Public Capital - Current State in The U.S.

Current State in The U.S.

In 1988, the U.S. infrastructure system including all public and private non-residential capital stock was valued at $7 trillion, an immense portfolio to operate and manage. And according to the Congressional Budget Office, in 2004 the U.S. invested $400 billion in infrastructure capital across federal, state, and local levels including the private sectors on transportation networks, schools, highways, water systems, energy, and telecommunications services. While public spending on infrastructure grew by 1.7% annually between 1956 and 2004, it has remained constant as a share of GDP since early 1980s. Despite the value and investment of public capital, growing delays in air and surface transportation, aging electric grid, an untapped renewable energy sector, and inadequate school facilities all have justified additional funding in public capital investment.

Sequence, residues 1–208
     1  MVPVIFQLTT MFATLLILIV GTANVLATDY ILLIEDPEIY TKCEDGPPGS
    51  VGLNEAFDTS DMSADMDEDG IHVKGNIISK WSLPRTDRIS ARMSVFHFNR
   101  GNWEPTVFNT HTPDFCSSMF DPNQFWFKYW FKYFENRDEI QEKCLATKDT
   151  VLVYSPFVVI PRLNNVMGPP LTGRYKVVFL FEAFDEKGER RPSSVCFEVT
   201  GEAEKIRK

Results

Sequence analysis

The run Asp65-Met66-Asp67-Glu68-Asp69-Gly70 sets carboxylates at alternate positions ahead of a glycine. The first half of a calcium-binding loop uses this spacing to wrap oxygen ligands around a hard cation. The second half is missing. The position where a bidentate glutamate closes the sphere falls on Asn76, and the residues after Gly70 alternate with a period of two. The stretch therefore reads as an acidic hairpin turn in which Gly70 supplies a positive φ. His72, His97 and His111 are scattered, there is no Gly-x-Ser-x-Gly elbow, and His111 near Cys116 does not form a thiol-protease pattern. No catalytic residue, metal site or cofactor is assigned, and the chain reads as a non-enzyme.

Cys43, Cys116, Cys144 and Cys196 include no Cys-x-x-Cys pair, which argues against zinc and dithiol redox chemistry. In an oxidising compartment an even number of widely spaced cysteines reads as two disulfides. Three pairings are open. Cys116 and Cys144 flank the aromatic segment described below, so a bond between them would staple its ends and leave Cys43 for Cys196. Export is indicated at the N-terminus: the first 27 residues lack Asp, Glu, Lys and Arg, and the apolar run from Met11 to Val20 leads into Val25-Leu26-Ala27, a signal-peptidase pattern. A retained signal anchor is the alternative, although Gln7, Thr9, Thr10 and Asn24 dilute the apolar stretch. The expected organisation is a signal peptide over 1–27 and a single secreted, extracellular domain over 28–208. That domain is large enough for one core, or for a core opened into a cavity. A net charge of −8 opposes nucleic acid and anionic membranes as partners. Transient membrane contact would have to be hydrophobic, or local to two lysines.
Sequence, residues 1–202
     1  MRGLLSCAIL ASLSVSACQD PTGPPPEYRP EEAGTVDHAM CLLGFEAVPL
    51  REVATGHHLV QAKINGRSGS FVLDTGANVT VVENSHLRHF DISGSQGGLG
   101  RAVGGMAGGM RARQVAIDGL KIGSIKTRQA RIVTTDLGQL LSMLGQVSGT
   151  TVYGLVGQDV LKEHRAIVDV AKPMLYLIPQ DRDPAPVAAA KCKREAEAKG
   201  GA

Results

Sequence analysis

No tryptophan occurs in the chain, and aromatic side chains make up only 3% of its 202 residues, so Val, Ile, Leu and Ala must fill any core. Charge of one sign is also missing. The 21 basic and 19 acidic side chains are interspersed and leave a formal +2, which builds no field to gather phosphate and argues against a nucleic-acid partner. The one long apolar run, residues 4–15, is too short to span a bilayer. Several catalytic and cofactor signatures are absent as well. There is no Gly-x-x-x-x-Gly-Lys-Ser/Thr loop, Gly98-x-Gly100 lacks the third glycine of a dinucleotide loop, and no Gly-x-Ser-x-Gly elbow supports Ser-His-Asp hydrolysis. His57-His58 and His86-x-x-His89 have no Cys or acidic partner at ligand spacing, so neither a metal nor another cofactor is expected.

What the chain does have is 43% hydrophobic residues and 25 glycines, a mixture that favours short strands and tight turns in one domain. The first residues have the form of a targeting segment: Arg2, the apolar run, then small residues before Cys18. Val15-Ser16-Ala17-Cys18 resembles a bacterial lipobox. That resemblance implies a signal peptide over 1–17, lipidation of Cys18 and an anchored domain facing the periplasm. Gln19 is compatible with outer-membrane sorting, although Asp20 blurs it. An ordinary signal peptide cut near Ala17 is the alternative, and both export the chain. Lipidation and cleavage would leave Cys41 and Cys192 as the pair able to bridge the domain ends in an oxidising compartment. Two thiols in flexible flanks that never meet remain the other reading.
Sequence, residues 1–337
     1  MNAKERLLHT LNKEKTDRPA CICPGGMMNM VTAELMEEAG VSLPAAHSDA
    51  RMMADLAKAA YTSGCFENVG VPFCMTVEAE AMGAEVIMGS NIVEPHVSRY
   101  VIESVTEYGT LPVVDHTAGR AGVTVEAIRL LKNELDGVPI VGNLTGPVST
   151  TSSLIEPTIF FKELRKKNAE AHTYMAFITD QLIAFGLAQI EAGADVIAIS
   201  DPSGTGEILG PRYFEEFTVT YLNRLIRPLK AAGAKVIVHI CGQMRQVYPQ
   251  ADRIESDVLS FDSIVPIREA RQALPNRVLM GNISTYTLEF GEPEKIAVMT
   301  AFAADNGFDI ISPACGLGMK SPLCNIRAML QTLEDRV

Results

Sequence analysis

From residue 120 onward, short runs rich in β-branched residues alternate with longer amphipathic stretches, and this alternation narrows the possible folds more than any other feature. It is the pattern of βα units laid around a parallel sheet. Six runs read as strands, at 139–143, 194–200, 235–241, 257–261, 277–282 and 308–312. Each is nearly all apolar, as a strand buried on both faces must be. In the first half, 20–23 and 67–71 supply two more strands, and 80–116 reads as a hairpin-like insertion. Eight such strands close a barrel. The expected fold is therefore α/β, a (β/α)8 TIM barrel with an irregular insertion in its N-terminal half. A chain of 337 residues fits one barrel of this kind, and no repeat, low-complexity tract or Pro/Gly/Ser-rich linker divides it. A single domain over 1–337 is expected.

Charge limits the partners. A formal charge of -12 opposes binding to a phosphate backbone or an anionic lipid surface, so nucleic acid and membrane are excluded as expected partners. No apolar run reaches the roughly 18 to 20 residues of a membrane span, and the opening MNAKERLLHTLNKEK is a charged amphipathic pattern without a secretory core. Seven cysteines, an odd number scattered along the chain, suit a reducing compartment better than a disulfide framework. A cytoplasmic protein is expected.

The American Society of Civil Engineers have continued to give low marks, averaging a D grade, for the nation’s infrastructure since its inception of the Report Card in 1998. In 2009, each category of infrastructure varied from C+ to D- grades with an estimated $2.2 trillion of needed public capital investment. The aviation sector remains mired in continued delays in the reauthorization of federal programs and an outdated air traffic control system. One in four rural bridges and one in three urban bridges are structurally deficient. States are understaffed and underfunded to conduct safety inspections of dams. Texas alone has only seven engineers and an annual budget of $435,000 to oversee more than 7,400 dams. Electricity demand outpaces energy supply transmission and generation. Almost half of the water locks maintained by the U.S. Army Corps of Engineers are functionally obsolete. Drinking water faces an annual shortfall of $11 billion to manage their aging facilities and comply with federal regulations. Leaking pipes lose an estimated 7 billion US gallons (26,000,000 m3) of clean drinking water a day. Under tight budgets, national, state, and local parks suffer neglect. Without adequate funding, rail cannot meet future freight tonnage load. Schools require a staggering $127 billion to bring facilities to decent operating condition. Billions of gallons of untreated sewage continue to be discharged into U.S.’s surface waters each year.

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